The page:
Could the ‘science of the very small’ be the answer to the world’s big problems?
A successful project to educate school pupils across Bristol and South Gloucestershire about nanotechnology has climaxed in a debate about whether the manipulation of very small particles could be the answer to the world’s energy problems.
The technology captured the imagination of Year 10, 11 and 12 pupils at four local schools through the NanoX project, being run by the University of Bristol and Colston’s School.
A total of 27 PhD students from the Bristol Centre for Functional Nanomaterials [BCFN] have been working with pupils at Colston’s, Winterbourne International Academy, Cabot Learning Federation and St Mary Redcliffe and Temple to bring nanoscience research to life in the classroom.
A series of demonstrations, lectures and online discussions has culminated in two debates between the participating schools about the risks and benefits that nanotechnology brings to society.
Although it may be able to create many new materials and devices with a vast range of applications, such as in medicine, electronics, biomaterials and energy production, there are also concerns about the toxicity and environmental impact of nanomaterials, their potential effects on global economics, as well as speculation about various doomsday scenarios.
These issues came under the spotlight at a public debate when teams from Colston’s School and Cabot Learning Federation debated whether nanotechnology was the answer to the world’s energy problems.
There will be a second debate later in the year between pupils from St Mary Redcliffe and Temple and Winterbourne International Academy.
Dr Annela Seddon, Teaching and Research Fellow in the BCFN and Lecturer in the School of Physics, said: “Nanotechnology is a subject which really captures people’s imagination and it’s been great to see how passionate school children are about the subject and how it affects the world we live in.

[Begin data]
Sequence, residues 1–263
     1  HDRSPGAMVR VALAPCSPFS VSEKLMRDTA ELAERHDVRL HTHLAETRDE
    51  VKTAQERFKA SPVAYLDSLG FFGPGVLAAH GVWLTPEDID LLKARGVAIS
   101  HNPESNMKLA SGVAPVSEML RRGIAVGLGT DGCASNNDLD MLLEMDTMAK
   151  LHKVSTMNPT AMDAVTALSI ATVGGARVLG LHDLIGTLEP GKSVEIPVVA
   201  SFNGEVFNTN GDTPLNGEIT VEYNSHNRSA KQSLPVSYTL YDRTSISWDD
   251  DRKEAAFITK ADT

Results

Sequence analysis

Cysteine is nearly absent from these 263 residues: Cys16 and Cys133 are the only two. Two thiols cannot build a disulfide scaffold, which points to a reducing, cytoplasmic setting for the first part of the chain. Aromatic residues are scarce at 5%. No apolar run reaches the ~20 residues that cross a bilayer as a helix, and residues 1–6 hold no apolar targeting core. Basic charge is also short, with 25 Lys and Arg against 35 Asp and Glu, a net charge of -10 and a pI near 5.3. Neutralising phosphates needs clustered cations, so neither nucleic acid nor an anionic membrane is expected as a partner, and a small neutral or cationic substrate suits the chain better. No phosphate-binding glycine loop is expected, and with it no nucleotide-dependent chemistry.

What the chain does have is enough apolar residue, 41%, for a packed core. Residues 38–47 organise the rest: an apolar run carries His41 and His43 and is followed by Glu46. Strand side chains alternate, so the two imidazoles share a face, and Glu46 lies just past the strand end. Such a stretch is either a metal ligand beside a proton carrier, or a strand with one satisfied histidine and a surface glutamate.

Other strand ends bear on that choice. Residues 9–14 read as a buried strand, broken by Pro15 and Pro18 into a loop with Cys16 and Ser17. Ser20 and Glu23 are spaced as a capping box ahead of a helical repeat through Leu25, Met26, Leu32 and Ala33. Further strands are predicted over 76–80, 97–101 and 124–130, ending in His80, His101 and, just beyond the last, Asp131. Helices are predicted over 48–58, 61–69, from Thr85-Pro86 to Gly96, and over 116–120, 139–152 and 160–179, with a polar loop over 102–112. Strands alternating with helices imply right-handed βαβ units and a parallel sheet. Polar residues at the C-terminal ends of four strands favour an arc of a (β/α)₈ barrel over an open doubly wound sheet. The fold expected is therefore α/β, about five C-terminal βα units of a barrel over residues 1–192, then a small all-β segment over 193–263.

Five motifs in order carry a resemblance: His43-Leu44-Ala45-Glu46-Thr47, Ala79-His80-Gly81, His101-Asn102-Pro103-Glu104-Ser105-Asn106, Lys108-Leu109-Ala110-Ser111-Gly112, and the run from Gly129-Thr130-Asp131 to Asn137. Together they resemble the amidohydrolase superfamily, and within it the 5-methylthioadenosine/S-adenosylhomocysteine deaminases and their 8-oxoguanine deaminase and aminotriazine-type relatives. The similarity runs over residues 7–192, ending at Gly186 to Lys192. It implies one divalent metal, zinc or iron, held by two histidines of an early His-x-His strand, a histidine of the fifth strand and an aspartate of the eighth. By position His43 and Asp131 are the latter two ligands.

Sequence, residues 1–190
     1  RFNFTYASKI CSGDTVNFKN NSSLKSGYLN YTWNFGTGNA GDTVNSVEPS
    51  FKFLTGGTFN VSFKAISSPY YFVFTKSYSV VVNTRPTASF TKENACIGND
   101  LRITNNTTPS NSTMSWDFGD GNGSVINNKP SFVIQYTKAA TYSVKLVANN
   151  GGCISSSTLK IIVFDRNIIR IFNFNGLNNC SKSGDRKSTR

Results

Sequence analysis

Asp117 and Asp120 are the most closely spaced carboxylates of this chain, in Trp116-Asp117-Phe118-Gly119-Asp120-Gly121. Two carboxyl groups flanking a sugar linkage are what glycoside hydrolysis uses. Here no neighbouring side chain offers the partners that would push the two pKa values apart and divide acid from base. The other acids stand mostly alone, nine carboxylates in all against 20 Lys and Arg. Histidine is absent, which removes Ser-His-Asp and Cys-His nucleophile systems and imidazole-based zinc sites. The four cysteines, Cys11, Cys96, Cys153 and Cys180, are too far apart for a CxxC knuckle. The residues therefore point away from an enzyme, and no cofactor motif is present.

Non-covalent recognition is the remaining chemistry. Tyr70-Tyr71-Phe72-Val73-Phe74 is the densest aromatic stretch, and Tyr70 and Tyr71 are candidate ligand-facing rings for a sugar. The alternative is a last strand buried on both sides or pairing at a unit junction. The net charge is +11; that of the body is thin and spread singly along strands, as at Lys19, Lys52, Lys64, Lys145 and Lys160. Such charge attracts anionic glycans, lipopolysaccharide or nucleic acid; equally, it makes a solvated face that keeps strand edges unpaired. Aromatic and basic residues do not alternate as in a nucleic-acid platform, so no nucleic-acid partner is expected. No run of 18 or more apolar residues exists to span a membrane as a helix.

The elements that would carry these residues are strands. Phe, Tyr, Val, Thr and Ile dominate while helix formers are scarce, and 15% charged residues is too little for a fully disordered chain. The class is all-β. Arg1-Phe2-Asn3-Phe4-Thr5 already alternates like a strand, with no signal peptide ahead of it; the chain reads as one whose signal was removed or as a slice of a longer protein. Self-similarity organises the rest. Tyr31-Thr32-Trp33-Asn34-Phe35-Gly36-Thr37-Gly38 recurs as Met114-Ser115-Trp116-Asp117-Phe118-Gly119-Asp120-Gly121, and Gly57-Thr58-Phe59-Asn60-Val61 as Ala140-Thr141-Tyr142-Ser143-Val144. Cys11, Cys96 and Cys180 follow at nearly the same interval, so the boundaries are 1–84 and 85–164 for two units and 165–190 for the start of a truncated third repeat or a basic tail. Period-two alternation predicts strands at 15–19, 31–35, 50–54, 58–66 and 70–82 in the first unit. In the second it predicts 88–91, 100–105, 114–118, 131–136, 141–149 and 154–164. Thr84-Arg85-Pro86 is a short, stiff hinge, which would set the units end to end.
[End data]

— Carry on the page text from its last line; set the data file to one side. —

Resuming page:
“It’s been around for longer than you might expect - we’ve seen it in Egyptian make-up and Roman glassware, but it’s only now that we have the tools to understand objects this small and are able to manipulate them. They can potentially have huge social and economic impact, such as treating cancer and delivering nutrients to crops but the big question is whether it’s safe.”
Dr Paul Hill, Deputy Head (Academic) of Colston’s School, has led the project and hopes it will inspire youngsters to pursue a career in science or technology.
He said: “The NanoX project has been a fantastic opportunity for pupils from across Bristol and South Gloucestershire to explore the exciting field of nanotechnology. They have particularly benefited from working closely with postgraduate students, researching and debating the benefits and risks of nanotechnology, co-authoring articles for our publication and preparing for the live debates. Many of them have been inspired by this project to find out more about careers in science and technology."
A new magazine, featuring articles by the school pupils and PhD students involved in the project, will bring the subject to life using augmented reality. It’s set to be distributed to schools throughout the South West to promote interest in nanotechnology.
Source: Bristol University /...
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